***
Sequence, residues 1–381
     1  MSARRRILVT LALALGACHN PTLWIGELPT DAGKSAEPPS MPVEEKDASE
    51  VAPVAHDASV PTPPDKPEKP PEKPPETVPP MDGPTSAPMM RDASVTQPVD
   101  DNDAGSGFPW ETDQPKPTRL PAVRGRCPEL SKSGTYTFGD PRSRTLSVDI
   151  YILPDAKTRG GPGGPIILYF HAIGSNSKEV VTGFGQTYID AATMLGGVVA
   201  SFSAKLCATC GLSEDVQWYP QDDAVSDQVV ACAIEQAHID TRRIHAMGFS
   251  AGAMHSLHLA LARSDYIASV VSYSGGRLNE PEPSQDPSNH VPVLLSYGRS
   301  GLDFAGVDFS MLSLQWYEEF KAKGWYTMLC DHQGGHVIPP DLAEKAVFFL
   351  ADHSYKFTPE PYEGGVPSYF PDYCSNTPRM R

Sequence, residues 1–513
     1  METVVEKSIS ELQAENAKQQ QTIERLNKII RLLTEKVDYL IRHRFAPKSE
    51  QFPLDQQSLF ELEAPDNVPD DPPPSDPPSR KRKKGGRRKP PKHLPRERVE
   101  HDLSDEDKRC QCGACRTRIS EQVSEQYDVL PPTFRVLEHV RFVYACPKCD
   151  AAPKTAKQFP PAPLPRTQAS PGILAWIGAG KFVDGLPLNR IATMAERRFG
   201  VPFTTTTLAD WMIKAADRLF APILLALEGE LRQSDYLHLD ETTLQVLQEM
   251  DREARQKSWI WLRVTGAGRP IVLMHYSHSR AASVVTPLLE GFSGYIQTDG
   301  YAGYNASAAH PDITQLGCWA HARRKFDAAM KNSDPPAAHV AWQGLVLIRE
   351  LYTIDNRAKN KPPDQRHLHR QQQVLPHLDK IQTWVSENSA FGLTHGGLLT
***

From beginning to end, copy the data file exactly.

Sequence, residues 1–381
     1  MSARRRILVT LALALGACHN PTLWIGELPT DAGKSAEPPS MPVEEKDASE
    51  VAPVAHDASV PTPPDKPEKP PEKPPETVPP MDGPTSAPMM RDASVTQPVD
   101  DNDAGSGFPW ETDQPKPTRL PAVRGRCPEL SKSGTYTFGD PRSRTLSVDI
   151  YILPDAKTRG GPGGPIILYF HAIGSNSKEV VTGFGQTYID AATMLGGVVA
   201  SFSAKLCATC GLSEDVQWYP QDDAVSDQVV ACAIEQAHID TRRIHAMGFS
   251  AGAMHSLHLA LARSDYIASV VSYSGGRLNE PEPSQDPSNH VPVLLSYGRS
   301  GLDFAGVDFS MLSLQWYEEF KAKGWYTMLC DHQGGHVIPP DLAEKAVFFL
   351  ADHSYKFTPE PYEGGVPSYF PDYCSNTPRM R

Sequence, residues 1–513
     1  METVVEKSIS ELQAENAKQQ QTIERLNKII RLLTEKVDYL IRHRFAPKSE
    51  QFPLDQQSLF ELEAPDNVPD DPPPSDPPSR KRKKGGRRKP PKHLPRERVE
   101  HDLSDEDKRC QCGACRTRIS EQVSEQYDVL PPTFRVLEHV RFVYACPKCD
   151  AAPKTAKQFP PAPLPRTQAS PGILAWIGAG KFVDGLPLNR IATMAERRFG
   201  VPFTTTTLAD WMIKAADRLF APILLALEGE LRQSDYLHLD ETTLQVLQEM
   251  DREARQKSWI WLRVTGAGRP IVLMHYSHSR AASVVTPLLE GFSGYIQTDG
   301  YAGYNASAAH PDITQLGCWA HARRKFDAAM KNSDPPAAHV AWQGLVLIRE
   351  LYTIDNRAKN KPPDQRHLHR QQQVLPHLDK IQTWVSENSA FGLTHGGLLT